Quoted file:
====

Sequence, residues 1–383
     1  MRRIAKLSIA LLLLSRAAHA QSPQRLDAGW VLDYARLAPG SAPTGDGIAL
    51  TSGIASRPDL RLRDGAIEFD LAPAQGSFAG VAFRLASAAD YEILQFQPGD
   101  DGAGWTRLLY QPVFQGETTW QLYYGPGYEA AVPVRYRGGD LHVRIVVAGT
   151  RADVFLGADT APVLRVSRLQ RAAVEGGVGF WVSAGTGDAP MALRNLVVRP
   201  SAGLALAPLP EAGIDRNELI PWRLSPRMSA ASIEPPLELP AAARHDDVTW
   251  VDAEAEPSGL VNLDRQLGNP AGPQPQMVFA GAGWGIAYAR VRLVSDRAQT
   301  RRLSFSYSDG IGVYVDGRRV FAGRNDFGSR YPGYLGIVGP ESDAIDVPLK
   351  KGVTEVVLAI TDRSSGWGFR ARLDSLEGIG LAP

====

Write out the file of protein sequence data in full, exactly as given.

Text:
Sequence, residues 1–383
     1  MRRIAKLSIA LLLLSRAAHA QSPQRLDAGW VLDYARLAPG SAPTGDGIAL
    51  TSGIASRPDL RLRDGAIEFD LAPAQGSFAG VAFRLASAAD YEILQFQPGD
   101  DGAGWTRLLY QPVFQGETTW QLYYGPGYEA AVPVRYRGGD LHVRIVVAGT
   151  RADVFLGADT APVLRVSRLQ RAAVEGGVGF WVSAGTGDAP MALRNLVVRP
   201  SAGLALAPLP EAGIDRNELI PWRLSPRMSA ASIEPPLELP AAARHDDVTW
   251  VDAEAEPSGL VNLDRQLGNP AGPQPQMVFA GAGWGIAYAR VRLVSDRAQT
   301  RRLSFSYSDG IGVYVDGRRV FAGRNDFGSR YPGYLGIVGP ESDAIDVPLK
   351  KGVTEVVLAI TDRSSGWGFR ARLDSLEGIG LAP